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Puerto Vallarta News NetworkNews Around the Republic of Mexico 

Luxury Goods Sales Increased 11% in Mexico Last Year

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June 12, 2015

Marcondes said the arrival of designer boutiques in Mexico speaks to consumers who are no longer satisfied with department store purchasing, but are now seeking a complete shopping experience.

Mexico City - Although the definition of luxury is an ever-shifting and largely subjective one, analysts who track spending on luxury goods in Mexico say it has increased faster than the economy, driven by the seemingly insatiable appetite of middle- and upper-middle class Mexicans for ever-more luxurious lifestyles.

With sales at $14 billion USD in 2014, Mexico took the lead for the first time among the largest markets for luxury goods in Latin America, surpassing Brazil, which earned just over $13 billion.

In fact, the luxury goods market increased by 11% in Mexico over the past year - five times faster than the economy itself - and it maintains a very positive outlook. According to the Euromonitor International market intelligence firm, sales are expected to increase by 34% between 2014 and 2019, which will make it one of the 10 fastest growing markets in the world over the next five years.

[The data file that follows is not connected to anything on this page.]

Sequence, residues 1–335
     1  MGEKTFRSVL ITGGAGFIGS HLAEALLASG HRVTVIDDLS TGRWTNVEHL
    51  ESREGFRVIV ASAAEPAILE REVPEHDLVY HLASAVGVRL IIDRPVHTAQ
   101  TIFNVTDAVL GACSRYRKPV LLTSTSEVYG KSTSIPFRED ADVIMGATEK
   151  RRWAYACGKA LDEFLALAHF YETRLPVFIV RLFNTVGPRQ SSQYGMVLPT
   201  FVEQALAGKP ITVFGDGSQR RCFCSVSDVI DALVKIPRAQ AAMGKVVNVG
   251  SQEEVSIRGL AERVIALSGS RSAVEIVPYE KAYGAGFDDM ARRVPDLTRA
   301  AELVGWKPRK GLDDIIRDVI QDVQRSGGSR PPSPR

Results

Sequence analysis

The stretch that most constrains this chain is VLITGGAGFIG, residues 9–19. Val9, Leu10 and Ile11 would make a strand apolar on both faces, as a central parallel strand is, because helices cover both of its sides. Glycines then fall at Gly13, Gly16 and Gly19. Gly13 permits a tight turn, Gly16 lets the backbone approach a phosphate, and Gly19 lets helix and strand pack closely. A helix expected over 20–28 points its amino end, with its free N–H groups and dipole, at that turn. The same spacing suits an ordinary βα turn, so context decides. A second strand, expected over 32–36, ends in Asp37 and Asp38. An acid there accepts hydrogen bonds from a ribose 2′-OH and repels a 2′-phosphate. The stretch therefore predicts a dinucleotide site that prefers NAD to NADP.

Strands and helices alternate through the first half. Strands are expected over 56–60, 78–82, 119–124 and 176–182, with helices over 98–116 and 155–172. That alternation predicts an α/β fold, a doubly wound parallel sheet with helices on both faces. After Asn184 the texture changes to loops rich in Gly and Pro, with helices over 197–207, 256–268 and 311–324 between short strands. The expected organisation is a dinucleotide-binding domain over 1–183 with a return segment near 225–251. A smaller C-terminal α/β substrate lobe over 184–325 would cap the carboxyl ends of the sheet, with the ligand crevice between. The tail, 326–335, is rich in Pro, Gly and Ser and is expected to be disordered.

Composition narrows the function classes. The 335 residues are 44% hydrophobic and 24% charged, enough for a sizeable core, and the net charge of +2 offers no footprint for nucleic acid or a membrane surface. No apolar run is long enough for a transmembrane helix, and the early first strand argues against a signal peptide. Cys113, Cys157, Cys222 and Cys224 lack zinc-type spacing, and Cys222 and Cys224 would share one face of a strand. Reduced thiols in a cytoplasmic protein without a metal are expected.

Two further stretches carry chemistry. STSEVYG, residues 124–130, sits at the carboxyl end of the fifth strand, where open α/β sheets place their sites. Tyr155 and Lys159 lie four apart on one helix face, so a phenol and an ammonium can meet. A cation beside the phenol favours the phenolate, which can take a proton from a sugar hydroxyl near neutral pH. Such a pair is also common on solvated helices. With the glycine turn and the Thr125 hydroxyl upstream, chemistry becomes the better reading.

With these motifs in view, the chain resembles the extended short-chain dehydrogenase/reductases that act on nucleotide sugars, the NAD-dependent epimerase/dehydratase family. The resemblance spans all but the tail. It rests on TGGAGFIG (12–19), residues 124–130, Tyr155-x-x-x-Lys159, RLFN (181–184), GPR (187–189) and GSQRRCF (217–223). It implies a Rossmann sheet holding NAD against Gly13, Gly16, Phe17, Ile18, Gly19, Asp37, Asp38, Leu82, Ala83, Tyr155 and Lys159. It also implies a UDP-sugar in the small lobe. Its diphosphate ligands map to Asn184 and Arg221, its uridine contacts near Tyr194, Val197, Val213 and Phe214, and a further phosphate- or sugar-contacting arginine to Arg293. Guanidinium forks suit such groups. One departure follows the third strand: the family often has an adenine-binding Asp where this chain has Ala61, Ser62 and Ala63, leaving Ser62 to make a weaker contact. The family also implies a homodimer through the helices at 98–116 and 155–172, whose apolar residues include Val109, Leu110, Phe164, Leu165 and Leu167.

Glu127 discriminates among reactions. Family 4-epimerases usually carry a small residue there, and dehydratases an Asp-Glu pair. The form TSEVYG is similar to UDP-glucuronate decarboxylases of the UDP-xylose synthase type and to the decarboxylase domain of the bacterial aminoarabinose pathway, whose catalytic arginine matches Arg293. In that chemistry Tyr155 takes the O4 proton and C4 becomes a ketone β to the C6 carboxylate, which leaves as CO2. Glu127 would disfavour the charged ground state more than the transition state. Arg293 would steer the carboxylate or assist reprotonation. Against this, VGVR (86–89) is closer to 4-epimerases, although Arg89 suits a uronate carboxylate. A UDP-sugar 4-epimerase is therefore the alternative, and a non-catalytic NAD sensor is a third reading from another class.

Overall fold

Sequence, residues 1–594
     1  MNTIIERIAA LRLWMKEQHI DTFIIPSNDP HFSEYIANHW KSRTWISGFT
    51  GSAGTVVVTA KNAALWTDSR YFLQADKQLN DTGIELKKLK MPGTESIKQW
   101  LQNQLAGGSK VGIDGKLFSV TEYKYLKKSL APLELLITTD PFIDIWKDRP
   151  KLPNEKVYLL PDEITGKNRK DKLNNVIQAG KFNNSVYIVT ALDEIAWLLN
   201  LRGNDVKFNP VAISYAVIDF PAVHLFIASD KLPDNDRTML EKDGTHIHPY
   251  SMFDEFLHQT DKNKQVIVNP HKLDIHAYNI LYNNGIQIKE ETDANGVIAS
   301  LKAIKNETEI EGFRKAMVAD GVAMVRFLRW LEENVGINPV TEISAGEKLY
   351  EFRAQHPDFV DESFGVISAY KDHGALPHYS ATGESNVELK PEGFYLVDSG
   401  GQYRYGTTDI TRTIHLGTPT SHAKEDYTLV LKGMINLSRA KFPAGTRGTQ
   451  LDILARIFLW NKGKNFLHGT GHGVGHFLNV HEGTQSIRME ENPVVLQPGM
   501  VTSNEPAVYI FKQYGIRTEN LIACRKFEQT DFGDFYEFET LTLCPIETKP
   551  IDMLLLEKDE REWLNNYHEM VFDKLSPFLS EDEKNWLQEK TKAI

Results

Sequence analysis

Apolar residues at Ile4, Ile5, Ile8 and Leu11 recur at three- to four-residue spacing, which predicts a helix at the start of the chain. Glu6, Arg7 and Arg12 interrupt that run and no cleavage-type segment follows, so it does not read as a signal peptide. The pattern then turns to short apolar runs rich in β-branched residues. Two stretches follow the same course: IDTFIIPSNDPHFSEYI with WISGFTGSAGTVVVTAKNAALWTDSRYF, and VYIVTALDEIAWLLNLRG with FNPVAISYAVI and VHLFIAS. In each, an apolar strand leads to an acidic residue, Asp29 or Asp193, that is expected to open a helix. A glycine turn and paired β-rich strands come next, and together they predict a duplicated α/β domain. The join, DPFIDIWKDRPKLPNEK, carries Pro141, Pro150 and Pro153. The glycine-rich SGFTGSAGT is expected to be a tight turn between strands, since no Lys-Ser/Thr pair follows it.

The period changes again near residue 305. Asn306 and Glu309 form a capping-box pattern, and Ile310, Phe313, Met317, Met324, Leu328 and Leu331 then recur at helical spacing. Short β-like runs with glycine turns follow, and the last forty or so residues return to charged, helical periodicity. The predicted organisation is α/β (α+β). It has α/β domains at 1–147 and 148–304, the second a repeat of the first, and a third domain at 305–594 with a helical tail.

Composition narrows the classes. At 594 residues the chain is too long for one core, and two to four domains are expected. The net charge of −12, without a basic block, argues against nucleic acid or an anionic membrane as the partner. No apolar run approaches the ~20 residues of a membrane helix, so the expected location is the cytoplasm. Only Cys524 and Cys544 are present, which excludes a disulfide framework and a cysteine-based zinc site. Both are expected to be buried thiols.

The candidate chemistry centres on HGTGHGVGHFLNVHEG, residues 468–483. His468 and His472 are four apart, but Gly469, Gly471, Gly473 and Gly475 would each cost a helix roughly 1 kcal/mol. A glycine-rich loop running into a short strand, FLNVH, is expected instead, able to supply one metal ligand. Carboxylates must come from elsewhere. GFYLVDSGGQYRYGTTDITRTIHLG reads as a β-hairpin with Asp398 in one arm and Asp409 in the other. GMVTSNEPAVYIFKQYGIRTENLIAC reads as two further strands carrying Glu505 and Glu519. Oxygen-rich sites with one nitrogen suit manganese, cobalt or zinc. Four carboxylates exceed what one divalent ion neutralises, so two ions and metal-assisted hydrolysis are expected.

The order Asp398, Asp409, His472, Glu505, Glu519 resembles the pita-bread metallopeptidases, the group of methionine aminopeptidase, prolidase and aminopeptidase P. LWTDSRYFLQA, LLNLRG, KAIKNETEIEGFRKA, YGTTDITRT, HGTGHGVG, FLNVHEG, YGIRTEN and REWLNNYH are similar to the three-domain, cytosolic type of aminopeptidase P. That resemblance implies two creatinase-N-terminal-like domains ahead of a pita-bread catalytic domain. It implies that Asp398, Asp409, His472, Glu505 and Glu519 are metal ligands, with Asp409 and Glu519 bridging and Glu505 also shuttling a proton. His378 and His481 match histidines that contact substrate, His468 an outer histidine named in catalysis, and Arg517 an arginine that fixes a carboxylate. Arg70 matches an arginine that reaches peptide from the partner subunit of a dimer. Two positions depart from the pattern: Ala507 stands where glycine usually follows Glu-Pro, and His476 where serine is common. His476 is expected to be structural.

"The Mexican market is without a doubt at a stage of maturity where consumer behavior shows a growing awareness of luxury goods," said Abelardo Marcondes, the manager of Luxury Lab, an annual forum for luxury brands that was held in Mexico City on Monday.

Marcondes said the arrival of designer boutiques such as Prada, Burberry and Michael Kors speaks to Mexican consumers who are no longer satisfied with purchasing the products in department stores, but are now seeking a complete shopping experience. "And the designer brands are becoming more aware that Mexicans are disposed to paying more for better-quality products and a better buying experience," he added.

Mexicans are now buying more luxury goods at home rather than traveling to the United States for them, lured in part by credit facilities offered by department stores like Liverpool and Palacio de Hierro.

Sales of designer clothing and shoes make up 40% of sales in the sector, followed by jewelry and watches with 27%, accessories with 18%, alcoholic beverages at 8% and beauty products at 6%, according to Euromonitor.

The only thing missing in this market that's dominated by international firms, Marcondes says, are Mexican businesses. He says that the government should promote public policies to encourage business in the luxury goods sector, a strategy he believes is justified because it would create good paying jobs in a fast-paced market that's expected to keep growing over the next five years.

Original article translated and edited by Lorena Sonrisas for